It is therefore not irrational to imagine that perhaps Nigerians both high and low know more about the problems of power than its current minister. If our people do not know other details especially technical issues, it is an open secret that our power officials have made Nigeria become notorious for asking consumers to pay for even the tools that they work with. A few days ago, some citizens in Ilorin, Kwara State made public the demands on them to pay for multi-million-naira Transformers and even transport fares to fix faulty power facilities. Meanwhile, the relevant regulator, the National Electricity Regulatory Commission (NERC) is aware of the law that forbids electricity distribution companies from asking customers to buy or repair electricity assets as a condition for the restoration of power supply, yet it does nothing about the Kwara story which is replicated nationwide. 

To make matters worse, the tariff structure that officials want Nigerians to swallow is a 419 arrangement which explains why everyone is apprehensive about it. Whereas there are a few people would still evade tariffs even if the system becomes efficient, there is no doubt that no one is today satisfied with the power narrative which even reputable institutions have problem with. The communication between the Ibadan Electricity Distribution Company IBEDC and the University College Hospital UCH, Ibadan is a case in point. Last month, the hospital threatened to shut its doors at 4pm everyday because power had been seized from the nation’s foremost teaching hospital. IBEDC’s case is that the UCH had been owing N400 million spanning some 6 years, but Jesse Otegbayo, UCH’s chief medical director (CMD), accused the company of giving the hospital industrial bills. 

Neither the illegal trend of forcing consumers to pay for official working tools of workers of electricity companies as revealed in the Ilorin story nor the categorization of the UCH as an industrial site has been reacted to by those who specialize in blaming citizens for the problems in the power sector.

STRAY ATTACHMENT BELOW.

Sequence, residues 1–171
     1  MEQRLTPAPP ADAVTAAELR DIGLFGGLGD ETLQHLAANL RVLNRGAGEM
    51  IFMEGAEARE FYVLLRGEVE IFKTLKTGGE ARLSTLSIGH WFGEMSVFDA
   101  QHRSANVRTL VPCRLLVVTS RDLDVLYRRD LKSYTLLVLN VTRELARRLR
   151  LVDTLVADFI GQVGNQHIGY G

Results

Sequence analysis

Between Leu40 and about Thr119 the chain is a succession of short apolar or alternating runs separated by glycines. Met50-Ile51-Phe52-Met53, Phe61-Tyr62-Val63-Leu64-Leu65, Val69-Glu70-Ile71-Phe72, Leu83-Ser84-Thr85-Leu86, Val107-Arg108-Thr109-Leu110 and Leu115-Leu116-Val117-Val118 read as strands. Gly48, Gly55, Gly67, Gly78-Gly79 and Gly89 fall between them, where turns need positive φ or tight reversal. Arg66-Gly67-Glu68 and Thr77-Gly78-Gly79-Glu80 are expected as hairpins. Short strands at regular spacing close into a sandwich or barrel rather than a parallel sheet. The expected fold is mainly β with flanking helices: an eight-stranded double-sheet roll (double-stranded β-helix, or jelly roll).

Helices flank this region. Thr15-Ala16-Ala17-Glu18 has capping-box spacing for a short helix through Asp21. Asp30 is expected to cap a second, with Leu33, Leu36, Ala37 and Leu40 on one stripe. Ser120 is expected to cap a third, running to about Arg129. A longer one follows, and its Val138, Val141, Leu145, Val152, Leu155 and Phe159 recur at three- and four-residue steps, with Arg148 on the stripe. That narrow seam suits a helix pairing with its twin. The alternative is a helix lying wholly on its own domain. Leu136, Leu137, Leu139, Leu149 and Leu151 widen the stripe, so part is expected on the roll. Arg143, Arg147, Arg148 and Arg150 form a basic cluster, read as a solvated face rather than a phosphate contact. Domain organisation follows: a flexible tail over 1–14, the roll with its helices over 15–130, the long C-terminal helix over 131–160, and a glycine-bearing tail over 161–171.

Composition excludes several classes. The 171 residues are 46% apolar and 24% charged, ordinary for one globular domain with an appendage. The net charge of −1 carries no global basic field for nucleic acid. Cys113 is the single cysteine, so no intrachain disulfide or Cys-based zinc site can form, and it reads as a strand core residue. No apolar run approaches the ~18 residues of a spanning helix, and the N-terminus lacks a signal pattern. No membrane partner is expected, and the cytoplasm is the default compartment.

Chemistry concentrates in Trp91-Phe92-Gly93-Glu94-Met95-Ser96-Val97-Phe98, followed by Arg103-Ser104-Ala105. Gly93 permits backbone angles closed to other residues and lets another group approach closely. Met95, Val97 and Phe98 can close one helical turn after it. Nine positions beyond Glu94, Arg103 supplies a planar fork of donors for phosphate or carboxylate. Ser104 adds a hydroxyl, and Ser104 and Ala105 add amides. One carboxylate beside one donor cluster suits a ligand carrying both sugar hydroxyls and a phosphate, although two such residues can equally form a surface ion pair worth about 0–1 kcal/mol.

Instead, what seems to matter to both the regulatory body and the minister is a hurried tariff system that is put in place ahead of an inept service. It is like getting passengers to pay for a flight whose aircraft is undergoing repairs in the aviation sector. What makes the situation more irritating is that the electricity companies are making no effort to invest in the sector to make it ready for tariffs. Nigeria needs a power minister that can ensure that tariffs come after infrastructure is ready to deliver service. Before then, the current communication of the deaf by our power officials and their minister would remain ineffectual.

If the truth must be told, it is regulators and not the relevant minister that should monitor and manage the electricity companies for better performance. They should be compelled to do that forthwith while the minister holds-on strongly to policy. In other words, all efforts should be made to constitute an independent regulatory body for our power sector. The National Electricity Regulatory Commission NERC as currently constituted has not shown that it has the courage or expertise to call their agencies to order. Perhaps the problem may not be far from the situation in the last 8 years when friends and relations with little or no cognate experience in a business were mandated to regulate the same business. If so, government should pick competent hands into the NERC instead of seeing it as opportunity to give jobs to political supporters.

When Adelabu was appointed minister late last year he pledged to make a mark. There is doubt if he really understood the exact scope required to make a mark in a ministry that has become known as a giant killer. The legendary Bola Ige had to be rescued from the ministry in 2000 after spending just a year as its minister. Babatunde Fashola performed wonders as Governor of Lagos State but got humbled in the power ministry.

The only two ministers sacked by former President Muhammadu Buhari included Saleh Mamman who was Minister of Power. Since democratic rule was restored to Nigeria in 1999, no minister has exceeded the dismal 4MW of power coverage in Nigeria. If we cannot emulate Egypt, Morocco and Tunisia which have 100 percent coverage, Adelabu should find out how Botswana, Kenya and Senegal are fast moving towards the same feat. It can certainly not be through aggressive communication.